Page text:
Tony came home to recuperate three to four weeks after he was well enough to leave the hospital. He had been compensated for his injuries and lost wages, and his work had been left available for him to return to whenever he was ready.
The pictures he’d seen while falling, though, refused to fade away and continued “flashing back” whenever he closed his eyes.
“They tormented me,” Tony adds, “because it was almost like I was being shown something.”
He kept it to himself, but the fall had permanently changed his perspective on life.
Tony, who had never studied music, began to consider investing his settlement money in a musical instrument.
But what had he seen in his visions as the instrument? He was looking through music books when he came across a description of a gleaming brass woodwind instrument with a conical form.
The saxophone was the final piece of the puzzle.
“I’m not saying I was musically illiterate back then,” Tony recalls, “but I’d never seen a saxophone.” “I’d undoubtedly heard it on the radio, but I was utterly unaware of it.”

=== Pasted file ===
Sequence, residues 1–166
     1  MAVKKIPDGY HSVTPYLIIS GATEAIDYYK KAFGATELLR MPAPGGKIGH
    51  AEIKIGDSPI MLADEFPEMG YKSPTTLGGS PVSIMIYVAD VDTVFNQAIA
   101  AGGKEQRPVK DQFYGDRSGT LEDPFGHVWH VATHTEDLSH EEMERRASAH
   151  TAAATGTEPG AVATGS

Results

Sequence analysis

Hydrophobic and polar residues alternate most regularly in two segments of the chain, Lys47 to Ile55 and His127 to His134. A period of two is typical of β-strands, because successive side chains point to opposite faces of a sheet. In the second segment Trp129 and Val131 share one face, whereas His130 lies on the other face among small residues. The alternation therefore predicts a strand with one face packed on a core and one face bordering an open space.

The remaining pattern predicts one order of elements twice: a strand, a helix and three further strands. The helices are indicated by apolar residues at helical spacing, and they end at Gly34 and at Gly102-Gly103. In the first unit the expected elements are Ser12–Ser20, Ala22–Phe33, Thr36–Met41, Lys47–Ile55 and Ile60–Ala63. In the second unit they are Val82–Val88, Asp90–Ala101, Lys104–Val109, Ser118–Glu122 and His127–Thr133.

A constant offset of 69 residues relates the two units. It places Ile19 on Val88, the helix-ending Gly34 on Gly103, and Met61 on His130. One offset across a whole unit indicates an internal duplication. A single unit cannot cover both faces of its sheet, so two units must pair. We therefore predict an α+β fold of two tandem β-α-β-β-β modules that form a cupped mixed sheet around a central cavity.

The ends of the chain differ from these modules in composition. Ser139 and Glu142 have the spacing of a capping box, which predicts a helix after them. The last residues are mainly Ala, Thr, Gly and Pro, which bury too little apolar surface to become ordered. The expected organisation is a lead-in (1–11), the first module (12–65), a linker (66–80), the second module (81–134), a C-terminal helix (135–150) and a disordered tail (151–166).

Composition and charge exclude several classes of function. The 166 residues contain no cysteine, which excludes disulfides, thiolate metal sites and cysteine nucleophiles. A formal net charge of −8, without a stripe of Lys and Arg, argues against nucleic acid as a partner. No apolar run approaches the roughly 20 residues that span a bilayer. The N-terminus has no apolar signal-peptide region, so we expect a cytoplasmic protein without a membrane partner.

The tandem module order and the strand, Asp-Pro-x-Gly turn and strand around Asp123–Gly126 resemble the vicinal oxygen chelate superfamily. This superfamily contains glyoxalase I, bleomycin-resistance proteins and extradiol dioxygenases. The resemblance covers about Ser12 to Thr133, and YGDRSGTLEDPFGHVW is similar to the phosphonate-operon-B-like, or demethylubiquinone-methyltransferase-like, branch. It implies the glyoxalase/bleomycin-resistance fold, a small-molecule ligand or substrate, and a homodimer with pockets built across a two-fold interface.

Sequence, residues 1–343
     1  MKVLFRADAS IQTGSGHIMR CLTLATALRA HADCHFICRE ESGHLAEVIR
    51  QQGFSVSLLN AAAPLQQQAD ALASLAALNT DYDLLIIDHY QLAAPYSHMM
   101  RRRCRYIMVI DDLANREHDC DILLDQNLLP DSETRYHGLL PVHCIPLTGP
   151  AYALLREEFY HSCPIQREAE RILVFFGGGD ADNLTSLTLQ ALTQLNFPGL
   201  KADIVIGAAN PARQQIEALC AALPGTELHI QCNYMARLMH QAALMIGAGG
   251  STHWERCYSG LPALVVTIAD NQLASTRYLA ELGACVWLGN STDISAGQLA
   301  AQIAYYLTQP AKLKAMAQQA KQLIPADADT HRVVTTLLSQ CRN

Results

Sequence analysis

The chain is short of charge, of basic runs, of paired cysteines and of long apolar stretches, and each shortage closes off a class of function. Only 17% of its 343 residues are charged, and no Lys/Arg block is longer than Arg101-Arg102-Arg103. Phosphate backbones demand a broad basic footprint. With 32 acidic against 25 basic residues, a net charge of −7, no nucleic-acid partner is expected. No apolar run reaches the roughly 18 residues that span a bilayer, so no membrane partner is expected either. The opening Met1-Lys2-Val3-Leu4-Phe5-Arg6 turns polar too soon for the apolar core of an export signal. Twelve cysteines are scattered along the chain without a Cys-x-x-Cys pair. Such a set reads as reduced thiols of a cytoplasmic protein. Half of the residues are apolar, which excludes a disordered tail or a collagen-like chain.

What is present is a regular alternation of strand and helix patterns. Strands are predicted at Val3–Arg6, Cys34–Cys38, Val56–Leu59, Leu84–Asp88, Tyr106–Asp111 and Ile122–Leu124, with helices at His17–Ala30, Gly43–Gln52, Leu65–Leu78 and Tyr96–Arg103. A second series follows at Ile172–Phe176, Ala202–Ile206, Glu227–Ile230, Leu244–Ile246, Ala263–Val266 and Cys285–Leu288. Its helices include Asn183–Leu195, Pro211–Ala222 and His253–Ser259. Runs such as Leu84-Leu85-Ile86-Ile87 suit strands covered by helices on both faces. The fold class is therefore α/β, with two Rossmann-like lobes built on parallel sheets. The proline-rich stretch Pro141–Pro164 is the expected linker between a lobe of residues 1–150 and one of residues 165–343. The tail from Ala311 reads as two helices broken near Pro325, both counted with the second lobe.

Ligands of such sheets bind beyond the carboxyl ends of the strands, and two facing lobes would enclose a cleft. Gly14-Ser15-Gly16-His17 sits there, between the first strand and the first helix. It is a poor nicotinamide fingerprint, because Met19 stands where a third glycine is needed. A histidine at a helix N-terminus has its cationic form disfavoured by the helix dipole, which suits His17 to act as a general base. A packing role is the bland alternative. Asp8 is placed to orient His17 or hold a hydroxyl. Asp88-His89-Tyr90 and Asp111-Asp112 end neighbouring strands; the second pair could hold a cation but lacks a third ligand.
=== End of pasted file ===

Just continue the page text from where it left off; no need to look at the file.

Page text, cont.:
Tony bought his first saxophone for £50 in early 1982, which was a lot of money in the 1980s and around £200 now. He returned to his family’s house, clutching his musical heirloom.
Tony’s mother gave him a weird look, oblivious to what Tony had seen in his vision.
“I replied, ‘It’s a saxophone, and I’m going to learn how to play it,'” Tony adds. “I’m going to resign from my position.”
Tony recalls his mother placing her palm on her brow and requesting that her husband Jack talk to their kid.